Nobody can disagree that the hottest topic these days is the possibility of avian flu pandemic among humans. Well, good news people: researchers from University of Colorado at Boulder invented a new and fascinating method of characterizing flu subtypes, which gets the job done within 11 hours, in contrast to currently employed methods which take about four days. This means that in the case of avian flu pandemic, doctors would know sooner the type of flu virus their patient is carrying, and could administer antiviral drugs sooner to lessen the severity of the illness.
The press release:
Tests last month on the new technology by the Centers for Disease Control and Prevention in Atlanta showed the CU-Boulder Flu Chip can determine the genetic make-up of types and subtypes of the flu virus in about 11 hours, said CU-Boulder Professor Kathy Rowlen of the chemistry and biochemistry department. Current methods for characterizing flu subtypes infecting patients take about four days.
The Flu Chip is expected to be in wide use in laboratories within a year, said Rowlen, who has led the two-year CU-Boulder research effort.
“This new technology should help provide better global influenza surveillance by making it easier for more laboratories to swiftly identify severe flu strains, which in turn may aid health officials to stem potential flu epidemics and even pandemics,” Rowlen said.
The chip, which can be configured to test for all known flu virus strains as well as new variant strains, was evaluated for three primary subtypes of flu in the October CDC test — the avian flu strain H5N1, and two of the most common human flu types worldwide in recent winters, H1N1 and H3N2. The chip was more than 90 percent accurate and will be tested again “side by side” with standard flu-virus culturing methods for accuracy and speed at the CDC’s Atlanta headquarters next month.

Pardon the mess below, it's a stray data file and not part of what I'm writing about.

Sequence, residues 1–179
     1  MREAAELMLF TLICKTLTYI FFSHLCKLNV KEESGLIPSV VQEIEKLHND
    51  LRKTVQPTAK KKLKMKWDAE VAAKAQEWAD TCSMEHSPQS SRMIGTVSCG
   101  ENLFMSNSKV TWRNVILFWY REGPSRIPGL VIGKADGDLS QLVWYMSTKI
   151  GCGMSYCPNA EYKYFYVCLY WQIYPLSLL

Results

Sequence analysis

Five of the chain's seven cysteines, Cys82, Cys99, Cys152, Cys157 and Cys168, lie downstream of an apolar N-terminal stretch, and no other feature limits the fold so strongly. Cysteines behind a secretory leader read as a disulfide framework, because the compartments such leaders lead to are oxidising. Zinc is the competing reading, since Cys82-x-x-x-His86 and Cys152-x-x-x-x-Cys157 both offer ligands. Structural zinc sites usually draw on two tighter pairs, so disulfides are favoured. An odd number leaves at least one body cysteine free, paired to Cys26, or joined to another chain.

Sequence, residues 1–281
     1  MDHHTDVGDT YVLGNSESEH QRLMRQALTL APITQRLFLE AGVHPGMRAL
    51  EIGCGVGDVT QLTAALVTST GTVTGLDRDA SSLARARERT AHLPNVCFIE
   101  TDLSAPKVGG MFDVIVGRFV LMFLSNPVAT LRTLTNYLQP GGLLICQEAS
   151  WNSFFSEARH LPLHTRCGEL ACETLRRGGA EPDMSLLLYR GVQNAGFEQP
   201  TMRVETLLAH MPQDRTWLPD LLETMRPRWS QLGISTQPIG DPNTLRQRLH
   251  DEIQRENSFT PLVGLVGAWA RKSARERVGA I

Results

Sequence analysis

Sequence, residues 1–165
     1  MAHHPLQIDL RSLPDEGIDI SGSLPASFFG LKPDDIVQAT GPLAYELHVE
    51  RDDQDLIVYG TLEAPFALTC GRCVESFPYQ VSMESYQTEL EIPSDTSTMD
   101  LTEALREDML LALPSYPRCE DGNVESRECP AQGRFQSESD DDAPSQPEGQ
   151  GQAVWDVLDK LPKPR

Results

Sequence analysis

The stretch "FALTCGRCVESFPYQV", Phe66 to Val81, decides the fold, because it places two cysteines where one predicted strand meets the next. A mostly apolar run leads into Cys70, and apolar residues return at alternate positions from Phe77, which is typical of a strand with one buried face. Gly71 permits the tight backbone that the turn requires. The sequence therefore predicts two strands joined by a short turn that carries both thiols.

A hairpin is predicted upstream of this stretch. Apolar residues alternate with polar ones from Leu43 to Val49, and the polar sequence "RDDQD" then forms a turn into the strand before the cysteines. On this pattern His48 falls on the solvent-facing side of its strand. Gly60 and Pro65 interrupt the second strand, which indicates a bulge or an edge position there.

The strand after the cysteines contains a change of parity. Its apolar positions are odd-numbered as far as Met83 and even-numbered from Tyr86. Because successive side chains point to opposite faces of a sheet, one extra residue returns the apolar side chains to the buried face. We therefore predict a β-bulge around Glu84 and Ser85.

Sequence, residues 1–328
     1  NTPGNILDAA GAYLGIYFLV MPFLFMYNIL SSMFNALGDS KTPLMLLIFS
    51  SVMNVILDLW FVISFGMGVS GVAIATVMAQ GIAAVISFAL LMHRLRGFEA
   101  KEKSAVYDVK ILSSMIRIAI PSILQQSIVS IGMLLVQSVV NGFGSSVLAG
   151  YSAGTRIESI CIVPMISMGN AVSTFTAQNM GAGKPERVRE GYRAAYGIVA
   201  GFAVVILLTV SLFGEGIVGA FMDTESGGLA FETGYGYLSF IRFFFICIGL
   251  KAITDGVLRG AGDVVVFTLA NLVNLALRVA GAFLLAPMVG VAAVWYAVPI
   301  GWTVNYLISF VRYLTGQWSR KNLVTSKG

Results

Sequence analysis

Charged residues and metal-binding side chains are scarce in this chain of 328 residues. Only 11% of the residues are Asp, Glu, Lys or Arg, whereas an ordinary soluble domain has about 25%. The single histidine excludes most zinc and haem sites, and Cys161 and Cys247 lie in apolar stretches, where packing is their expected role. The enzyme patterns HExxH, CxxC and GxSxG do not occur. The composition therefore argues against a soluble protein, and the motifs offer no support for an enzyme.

The Flu Chip fits on a microscope slide and contains an array of microscopic spots, Rowlen said. Genetic bits of information that are complimentary to known, individual influenza strains are “spotted” robotically in an array, where each row of three spots contains a specific sequence of “capture” DNA. Each spot is approximately one-hundredth of an inch in diameter. The microarray is then immersed in a wash of influenza gene fragments obtained from the fluid of an infected individual.
RNA fragments from the infected fluid bind to specific DNA segments on the microarray like a key in a lock, indicating both a match and that the virus signature is present, she said. The captured RNA is then labeled with another complimentary sequence that also contains a fluorescent dye, and such “hits” light up like a pinball machine when the chip is inserted into a laser scanner.
The Flu Chip also should be able to recognize mutations that might occur in avian flu H5N1, which has been spreading rapidly from bird to bird in Asia, Russia and parts of Europe, said Kuchta. While the avian virus does not now spread effectively from person to person, world health officials are fearful the strain will mutate and become transmittable between humans, possibly triggering a worldwide pandemic.
Rowlen said that within a few years, the technology could be downsized to fit into a hand-held portable device the size of a cell phone or PDA and taken into remote areas around the world to test for lethal strains of flu.
“We can make it small and simple enough to take into rural areas in places like the Congo, Cambodia or Indonesia that may lack lab facilities,” she said. “One of our goals has been to address the needs of developing nations by providing an inexpensive, field-portable test kit for respiratory illnesses to the World Health Organization for global screening of respiratory illness.”
Read more at University of Colorado at Boulder…